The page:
Finally, it's also important to note that you are not directly, or even indirectly, asking people to change their reviews from bad to good. You are simply replying to them with a different perspective and information, and leaving it up to them to decide what to do with that.​

So what sorts of responses should you give? Well, for example...


 

Acknowledge Criticism: Even if it's framed in a way you might not like, take the time to honestly think about the criticisms being written. Could your tutorial have used more work? Is the last boss fight woefully unbalanced? Even if you might not be able to do anything about it now (because post-launch updates aren't feasible in every case!), both taking the time to digest it for future work, and letting the reviewer know you hear them, is extremely valuable to you and your community.

Example: "Hello! Thank you for taking the time to review my game. It sounds like the final boss fight could have used a few more balance passes and external beta runs to make it less of an uphill battle. I'm sorry it ruined the experience for you, but I appreciate you playing my game and passing along your feedback so I can continue to grow as a developer."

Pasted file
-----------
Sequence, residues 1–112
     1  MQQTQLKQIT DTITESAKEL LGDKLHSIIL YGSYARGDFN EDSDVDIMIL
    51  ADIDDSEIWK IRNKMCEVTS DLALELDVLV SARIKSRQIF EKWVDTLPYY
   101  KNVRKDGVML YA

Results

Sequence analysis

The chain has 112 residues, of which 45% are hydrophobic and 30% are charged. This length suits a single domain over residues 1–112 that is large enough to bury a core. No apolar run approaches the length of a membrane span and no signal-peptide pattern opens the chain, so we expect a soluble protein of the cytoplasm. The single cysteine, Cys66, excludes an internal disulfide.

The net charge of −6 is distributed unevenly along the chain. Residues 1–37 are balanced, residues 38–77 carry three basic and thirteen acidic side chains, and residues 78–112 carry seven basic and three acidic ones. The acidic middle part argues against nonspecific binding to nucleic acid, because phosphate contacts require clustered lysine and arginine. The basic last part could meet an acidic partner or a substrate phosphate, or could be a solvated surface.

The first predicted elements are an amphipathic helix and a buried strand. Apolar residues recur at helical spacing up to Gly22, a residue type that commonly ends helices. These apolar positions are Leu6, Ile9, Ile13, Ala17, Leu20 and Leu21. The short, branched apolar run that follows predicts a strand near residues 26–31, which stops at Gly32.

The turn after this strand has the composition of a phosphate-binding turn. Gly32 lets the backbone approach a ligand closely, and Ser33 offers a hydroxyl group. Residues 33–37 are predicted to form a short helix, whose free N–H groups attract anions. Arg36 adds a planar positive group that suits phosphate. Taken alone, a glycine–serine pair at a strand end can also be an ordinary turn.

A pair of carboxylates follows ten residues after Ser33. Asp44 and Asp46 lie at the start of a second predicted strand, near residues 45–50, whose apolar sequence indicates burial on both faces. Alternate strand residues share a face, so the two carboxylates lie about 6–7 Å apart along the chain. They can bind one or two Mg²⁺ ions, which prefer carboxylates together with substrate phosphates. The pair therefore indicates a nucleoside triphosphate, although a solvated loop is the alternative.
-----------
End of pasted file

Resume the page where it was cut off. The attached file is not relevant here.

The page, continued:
Offer Help: If someone got suck on a bug or a gameplay mechanic like a puzzle or a boss fight, take this opportunity to step in and offer assistance! It may be frustrating that they chose to publicly ding your game before giving you the opportunity to make it right, but you should still take the time to extend the olive branch of support and see if you can't make them change their mind, even if it's a known issue.

Example: "Hi there! I'm sorry to hear you're having trouble. Do you mind shooting me an email at [email protected] and we can see if we can get this sorted out for you. Thank you for taking the time to let us know!"

 

Clarify Misconceptions, But Nicely: One of the most annoying things in the world is reading a statement about your game that is just factually inaccurate, especially since these can negatively impact a potential buyer's impression. It can be easy to want to make a knee-jerk reply accusing someone of being a liar, but the best path is to give the benefit of the doubt and reply as if it's a misunderstanding. Who knows, it might very well be, and the person could update their review!